|Doris Elaine Fell: Willows on the Windrush|
H. Revell Co. (Paperback), ISBN 0800757327
Thirty-year-old Sydney Barrington possesses everything: beauty, intelligence, wealth, suitors lined up around the block, and a promising career as CEO of her late father's defense contracting corporation. Yet the father-shaped hole in her heart silently mocks her worldly success.
The unexpected inheritance of Broadshire Manor in England's picturesque Cotswolds district jars Syd from her routine. But something seems decidedly amiss when the executor insists that the manor must be sold to settle the deceased's debts, and that Syd need not trouble herself to travel to England to effect the transaction.
The lawyer may as well have unfurled a scarlet hanky. The indomitable Sydney bulls her way across the Pond to investigate the matter firsthand. She arrives to find the quaint hamlet of Stow-on-the-Woodland, over which Broadshire Manor presides, deceptively quiet. The shady solicitor and his tourism plans for Broadshire drop to the bottom of Syd's priorities as she discovers war orphans, elderly invalids, a convoluted line of succession for the manor and a nest of IRA sympathizers.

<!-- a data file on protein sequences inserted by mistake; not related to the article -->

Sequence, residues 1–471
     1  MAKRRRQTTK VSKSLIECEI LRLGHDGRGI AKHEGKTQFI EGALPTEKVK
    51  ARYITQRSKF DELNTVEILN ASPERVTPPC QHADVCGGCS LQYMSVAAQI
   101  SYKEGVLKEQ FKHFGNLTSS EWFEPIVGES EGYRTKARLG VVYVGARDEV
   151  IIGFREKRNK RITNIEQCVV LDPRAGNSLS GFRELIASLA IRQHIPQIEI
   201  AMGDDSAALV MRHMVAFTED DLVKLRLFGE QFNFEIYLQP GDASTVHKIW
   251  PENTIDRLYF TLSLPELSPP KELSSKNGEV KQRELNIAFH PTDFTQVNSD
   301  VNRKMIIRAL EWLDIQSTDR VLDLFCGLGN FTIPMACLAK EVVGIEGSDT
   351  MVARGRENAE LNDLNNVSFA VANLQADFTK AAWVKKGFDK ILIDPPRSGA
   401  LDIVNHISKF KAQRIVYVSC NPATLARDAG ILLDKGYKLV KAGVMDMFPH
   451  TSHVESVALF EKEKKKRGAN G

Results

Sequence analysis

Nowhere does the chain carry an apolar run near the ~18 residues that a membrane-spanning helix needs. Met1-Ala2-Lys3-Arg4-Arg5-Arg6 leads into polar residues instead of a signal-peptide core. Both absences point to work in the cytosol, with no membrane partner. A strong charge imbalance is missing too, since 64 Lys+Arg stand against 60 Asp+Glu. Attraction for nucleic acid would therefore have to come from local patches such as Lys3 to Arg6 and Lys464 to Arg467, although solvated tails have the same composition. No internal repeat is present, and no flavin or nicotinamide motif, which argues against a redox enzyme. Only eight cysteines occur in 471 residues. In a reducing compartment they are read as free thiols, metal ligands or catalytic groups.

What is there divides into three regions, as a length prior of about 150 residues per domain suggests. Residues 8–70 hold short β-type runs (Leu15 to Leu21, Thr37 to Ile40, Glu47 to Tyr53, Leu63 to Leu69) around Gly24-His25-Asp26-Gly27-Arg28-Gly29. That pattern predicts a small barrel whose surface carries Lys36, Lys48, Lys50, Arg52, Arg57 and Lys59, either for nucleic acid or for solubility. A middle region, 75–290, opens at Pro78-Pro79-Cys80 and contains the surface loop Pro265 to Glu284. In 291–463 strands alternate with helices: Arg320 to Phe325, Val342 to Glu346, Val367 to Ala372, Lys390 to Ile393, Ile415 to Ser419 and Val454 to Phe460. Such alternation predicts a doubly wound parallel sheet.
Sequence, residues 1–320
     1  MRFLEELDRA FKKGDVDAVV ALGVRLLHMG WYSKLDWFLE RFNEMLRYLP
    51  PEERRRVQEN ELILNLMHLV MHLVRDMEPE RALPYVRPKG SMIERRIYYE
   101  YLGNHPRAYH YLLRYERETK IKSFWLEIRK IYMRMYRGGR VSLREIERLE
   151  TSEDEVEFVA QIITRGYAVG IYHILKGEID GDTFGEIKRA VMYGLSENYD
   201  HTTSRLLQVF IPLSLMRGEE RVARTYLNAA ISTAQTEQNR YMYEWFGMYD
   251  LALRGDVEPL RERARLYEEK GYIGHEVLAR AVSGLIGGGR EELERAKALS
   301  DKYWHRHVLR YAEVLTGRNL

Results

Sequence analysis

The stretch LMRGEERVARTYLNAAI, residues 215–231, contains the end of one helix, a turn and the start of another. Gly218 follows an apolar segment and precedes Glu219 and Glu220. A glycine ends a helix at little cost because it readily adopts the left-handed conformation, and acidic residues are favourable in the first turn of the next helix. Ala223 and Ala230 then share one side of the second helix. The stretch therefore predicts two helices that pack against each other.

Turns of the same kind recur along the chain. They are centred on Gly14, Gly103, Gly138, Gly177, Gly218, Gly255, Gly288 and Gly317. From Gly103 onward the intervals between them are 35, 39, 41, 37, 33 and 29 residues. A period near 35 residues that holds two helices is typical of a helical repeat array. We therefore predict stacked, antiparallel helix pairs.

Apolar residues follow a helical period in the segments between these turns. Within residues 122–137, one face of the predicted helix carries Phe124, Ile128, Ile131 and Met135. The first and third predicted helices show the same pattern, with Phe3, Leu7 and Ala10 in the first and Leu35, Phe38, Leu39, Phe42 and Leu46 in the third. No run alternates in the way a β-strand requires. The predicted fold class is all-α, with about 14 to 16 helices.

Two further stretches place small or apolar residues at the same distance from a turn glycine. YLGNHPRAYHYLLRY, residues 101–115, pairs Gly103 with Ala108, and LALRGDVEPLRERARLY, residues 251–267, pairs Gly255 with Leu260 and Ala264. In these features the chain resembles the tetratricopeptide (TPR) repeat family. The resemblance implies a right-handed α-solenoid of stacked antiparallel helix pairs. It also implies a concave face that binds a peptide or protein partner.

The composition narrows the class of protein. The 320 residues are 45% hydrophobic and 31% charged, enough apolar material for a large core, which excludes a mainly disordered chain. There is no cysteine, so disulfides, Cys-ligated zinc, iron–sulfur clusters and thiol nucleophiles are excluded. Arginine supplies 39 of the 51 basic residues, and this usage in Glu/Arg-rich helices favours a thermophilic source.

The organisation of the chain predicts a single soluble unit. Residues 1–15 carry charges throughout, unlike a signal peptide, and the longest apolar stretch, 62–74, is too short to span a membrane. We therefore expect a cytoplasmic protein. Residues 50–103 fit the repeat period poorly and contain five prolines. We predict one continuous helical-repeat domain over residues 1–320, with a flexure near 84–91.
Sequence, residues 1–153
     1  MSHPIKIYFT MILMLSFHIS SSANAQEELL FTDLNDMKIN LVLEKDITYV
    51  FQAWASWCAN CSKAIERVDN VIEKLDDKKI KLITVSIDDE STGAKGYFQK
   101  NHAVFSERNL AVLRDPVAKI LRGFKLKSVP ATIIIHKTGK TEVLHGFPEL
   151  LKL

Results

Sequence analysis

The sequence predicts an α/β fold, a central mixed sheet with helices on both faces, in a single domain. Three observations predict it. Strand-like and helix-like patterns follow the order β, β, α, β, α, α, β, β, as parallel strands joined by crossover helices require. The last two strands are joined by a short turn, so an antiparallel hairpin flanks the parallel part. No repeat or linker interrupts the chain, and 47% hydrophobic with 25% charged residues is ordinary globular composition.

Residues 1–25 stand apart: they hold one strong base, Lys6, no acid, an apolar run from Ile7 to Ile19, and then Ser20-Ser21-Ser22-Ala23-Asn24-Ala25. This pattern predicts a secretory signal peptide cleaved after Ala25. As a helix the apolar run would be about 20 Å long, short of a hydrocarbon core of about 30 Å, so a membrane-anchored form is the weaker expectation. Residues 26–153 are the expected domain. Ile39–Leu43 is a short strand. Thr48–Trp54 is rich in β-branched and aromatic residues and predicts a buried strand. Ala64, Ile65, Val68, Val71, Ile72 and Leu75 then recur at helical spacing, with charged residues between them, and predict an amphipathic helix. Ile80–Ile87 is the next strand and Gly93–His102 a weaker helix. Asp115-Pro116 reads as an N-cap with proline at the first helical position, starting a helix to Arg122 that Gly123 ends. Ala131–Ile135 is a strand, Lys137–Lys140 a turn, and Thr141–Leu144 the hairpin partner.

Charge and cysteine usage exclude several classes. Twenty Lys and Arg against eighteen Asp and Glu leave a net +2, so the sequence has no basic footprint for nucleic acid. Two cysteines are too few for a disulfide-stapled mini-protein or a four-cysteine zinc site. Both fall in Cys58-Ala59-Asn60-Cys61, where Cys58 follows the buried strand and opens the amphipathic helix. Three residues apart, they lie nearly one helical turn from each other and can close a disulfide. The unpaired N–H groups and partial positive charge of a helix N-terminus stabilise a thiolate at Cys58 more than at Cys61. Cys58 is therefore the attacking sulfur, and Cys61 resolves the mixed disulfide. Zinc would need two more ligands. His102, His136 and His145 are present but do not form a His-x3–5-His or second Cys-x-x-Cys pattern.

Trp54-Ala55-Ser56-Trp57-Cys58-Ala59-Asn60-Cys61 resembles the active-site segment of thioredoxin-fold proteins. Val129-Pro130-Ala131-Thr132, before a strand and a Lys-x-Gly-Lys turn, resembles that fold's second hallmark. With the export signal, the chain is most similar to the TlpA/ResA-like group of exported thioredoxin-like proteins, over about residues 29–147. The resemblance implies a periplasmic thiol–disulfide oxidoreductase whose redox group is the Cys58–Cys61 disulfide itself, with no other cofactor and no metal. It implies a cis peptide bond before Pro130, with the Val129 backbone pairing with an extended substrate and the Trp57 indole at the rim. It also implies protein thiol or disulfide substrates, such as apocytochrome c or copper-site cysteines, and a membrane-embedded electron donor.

Does "love conquer all" in Willows on the Windrush? Well, not exactly -- and that's exactly why I like this book. Sure, the guy gets the girl. No spoiler there; it wouldn't be a romance otherwise. But their path to happiness lurches through plenty of thorny issues and ambiguities. In that respect, Fell's work comes closer to portraying real life than many romance authors. For that, I enthusiastically applaud her.
From a technical standpoint, I thought some of the flashbacks could have been handled a bit more smoothly, especially since the book set off some -- but not all -- of the flashbacks in italics. Also, I would have preferred a clearer explanation of how Sydney became the designated heiress, since the inheritance doesn't make sense once all the facts come to light.
However, if your definition of a good read includes intrigue and drama, with well-drawn characters whose faith -- or lack thereof -- drives their actions and decisions without being preachy, then I invite you to spread your picnic blanket under the Willows on the Windrush for a pleasant diversion.
Kim D. Headlee
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